Figure 2: NAFLD induces a translocation of Nrf2 from cytoplasma to nuclear in WT mice liver (Western blot (A) and densitometric analysis (B) of Cyp2a5 and Nrf2 protein expression in the cytosolic and nuclear fractions obtained from mice treated with control, high-fat diet and pyrazole. Histon H1 was used as the nuclear marker. Values represent the mean ± SD (n=3). Values are significantly different from controls (** P< 0.01)).
Effects of high-fat diet and pyrazole on Nrf2 and Cyp2a5 expression in Nrf2+/+ mice
As shown in Figure 3, levels of Nrf2 were increased 24% and 49 % by high-fat diet and pyrazole compared with the mice in the control group (Figure 3A and 3B), respectively. Levels of Cyp2a5 were also were higher by high-fat diet and pyrazole (63% and 130 %). Coumarin 7-hydroxylase activity was increased approximately 71% by high-fat diet and 177% by pyrazole compared with the mice in the control group (Figure 3C). The increase in Cyp2a5 mRNA was highest treatment with pyrazole, analogous to the high protein levels and activity of Cyp2a5 in these mice. The high-fat also elevate levels of Nrf2 mRNA in the WT mice (113%) confirming that NAFLD induction of Nrf2 and Cyp2a5.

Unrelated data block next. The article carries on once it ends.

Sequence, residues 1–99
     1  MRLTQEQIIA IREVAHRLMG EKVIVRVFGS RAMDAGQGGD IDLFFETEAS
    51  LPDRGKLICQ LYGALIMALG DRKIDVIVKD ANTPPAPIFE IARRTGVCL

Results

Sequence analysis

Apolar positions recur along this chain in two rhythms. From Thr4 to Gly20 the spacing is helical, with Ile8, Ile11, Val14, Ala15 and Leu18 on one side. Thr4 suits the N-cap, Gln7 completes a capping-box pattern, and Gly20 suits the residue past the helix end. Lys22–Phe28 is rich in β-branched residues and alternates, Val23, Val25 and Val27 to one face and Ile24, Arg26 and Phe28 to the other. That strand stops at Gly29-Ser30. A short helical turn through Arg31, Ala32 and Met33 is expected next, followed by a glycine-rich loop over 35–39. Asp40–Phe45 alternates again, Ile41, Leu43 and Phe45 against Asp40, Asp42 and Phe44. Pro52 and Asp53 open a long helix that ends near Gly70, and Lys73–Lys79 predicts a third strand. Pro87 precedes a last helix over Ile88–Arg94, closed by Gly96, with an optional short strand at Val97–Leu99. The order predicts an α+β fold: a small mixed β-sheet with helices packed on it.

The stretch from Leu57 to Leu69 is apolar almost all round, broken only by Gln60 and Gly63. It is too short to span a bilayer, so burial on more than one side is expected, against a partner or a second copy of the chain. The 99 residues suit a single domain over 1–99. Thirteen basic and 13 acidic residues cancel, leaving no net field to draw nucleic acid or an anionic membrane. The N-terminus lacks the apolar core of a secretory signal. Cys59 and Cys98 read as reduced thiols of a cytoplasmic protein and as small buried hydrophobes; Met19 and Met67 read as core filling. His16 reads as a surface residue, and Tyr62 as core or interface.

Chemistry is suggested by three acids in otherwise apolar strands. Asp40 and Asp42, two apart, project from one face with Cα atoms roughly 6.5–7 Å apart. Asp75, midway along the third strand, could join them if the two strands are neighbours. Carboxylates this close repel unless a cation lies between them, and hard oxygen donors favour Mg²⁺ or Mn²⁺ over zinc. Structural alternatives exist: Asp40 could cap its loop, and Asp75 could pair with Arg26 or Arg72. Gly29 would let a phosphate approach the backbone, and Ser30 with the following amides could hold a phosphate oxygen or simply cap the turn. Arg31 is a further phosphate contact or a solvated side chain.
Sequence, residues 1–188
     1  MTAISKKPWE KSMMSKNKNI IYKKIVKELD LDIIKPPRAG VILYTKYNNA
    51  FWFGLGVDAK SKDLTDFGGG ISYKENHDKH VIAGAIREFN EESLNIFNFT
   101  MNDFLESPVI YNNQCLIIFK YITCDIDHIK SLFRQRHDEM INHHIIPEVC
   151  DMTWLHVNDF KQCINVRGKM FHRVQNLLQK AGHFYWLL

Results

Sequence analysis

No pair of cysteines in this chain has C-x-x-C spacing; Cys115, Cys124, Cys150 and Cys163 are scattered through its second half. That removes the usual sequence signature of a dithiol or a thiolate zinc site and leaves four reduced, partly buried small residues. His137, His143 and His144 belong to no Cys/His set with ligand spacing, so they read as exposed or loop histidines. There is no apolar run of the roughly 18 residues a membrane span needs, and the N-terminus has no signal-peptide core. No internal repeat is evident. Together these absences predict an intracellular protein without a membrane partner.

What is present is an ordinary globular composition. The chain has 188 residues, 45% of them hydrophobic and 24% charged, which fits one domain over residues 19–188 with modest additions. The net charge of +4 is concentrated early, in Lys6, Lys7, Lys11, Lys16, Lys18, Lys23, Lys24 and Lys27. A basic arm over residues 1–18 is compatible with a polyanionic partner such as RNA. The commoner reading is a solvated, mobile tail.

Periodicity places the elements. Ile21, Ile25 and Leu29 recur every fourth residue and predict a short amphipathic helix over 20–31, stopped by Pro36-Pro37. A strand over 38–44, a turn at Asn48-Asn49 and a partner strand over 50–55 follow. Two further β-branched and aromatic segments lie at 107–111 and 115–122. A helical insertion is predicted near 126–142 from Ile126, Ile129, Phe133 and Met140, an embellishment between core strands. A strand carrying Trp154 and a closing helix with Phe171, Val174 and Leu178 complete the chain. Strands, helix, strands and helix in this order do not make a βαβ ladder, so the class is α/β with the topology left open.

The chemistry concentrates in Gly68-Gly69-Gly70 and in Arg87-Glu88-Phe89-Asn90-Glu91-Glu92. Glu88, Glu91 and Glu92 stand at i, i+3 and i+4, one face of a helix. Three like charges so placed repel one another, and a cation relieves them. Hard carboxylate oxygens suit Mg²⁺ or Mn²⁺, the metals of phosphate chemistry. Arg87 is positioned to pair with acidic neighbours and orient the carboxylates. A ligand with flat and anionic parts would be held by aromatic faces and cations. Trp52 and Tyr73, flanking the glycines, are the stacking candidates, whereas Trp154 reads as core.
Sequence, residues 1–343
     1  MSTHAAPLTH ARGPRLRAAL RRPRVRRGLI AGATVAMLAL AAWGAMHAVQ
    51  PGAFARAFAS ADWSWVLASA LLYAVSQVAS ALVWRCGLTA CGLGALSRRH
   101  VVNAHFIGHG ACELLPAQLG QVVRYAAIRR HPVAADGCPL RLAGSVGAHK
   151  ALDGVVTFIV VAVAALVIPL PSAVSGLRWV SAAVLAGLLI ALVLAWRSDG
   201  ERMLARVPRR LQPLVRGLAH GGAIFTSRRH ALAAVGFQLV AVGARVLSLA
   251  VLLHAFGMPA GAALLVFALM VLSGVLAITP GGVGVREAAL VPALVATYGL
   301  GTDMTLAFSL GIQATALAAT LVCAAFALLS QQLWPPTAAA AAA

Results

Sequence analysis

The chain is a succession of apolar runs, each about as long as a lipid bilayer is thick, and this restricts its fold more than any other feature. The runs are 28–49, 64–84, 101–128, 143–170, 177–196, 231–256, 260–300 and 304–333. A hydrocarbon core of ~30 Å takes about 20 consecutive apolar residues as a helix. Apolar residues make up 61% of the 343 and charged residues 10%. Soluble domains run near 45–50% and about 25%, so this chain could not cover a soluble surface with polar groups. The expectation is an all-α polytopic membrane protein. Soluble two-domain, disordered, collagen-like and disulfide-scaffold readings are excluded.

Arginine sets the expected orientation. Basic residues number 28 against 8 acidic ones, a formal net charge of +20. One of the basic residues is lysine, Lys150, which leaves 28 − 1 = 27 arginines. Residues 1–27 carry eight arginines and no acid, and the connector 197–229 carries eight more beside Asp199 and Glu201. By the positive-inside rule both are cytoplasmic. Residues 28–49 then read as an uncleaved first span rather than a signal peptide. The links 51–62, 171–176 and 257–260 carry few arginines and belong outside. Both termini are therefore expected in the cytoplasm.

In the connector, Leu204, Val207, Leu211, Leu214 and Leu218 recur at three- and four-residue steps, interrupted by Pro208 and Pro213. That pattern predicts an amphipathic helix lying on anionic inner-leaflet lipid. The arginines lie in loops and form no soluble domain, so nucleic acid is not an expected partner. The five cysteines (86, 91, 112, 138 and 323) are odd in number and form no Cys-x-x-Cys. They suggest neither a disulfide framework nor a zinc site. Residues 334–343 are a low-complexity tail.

Figure 3: NAFLD and pyrazole increase Nrf2 and Cyp2a5 protein expression in vivo (Western blot (A) and densitometric analysis (B) of Cyp2a5 and Nrf2 protein expression in liver obtained from mice treated with control, high-fat diet and pyrazole. Values represent the mean ± SD (n=3) expressed as a percent relative intensity of control. Values represent the mean ± SD (n=3). Values are significantly different from controls(** P< 0.01). (C) COH activity was assessed in liver obtained from mice treated with control, high-fat diet and pyrazole. (D) Cyp2a5 and Nrf2 mRNA levels were quantified by RT-qPCR and normalized to GAPDH: average expression obtained from mice treated with control, high-fat diet and pyrazole. Values represent the mean ± SD (n=3). Values are significantly different from controls(** P< 0.01)).
Effects of high-fat diet and pyrazole on Cyp2a5 expression in Nrf2-/- mice
To evaluate the role of Nrf2 in high-fat diet induced Cyp2a5, levels and activities of Cyp2a5 in livers from KO mice were assayed (Figure 4). However, high-fat diet and pyrazole did not significantly elevate Cyp2a5 in the Nrf2 KO mice. The above studies show that NAFLD elevates Cyp2a5 protein levels and activity in WT mice but not in Nrf2 KO mice.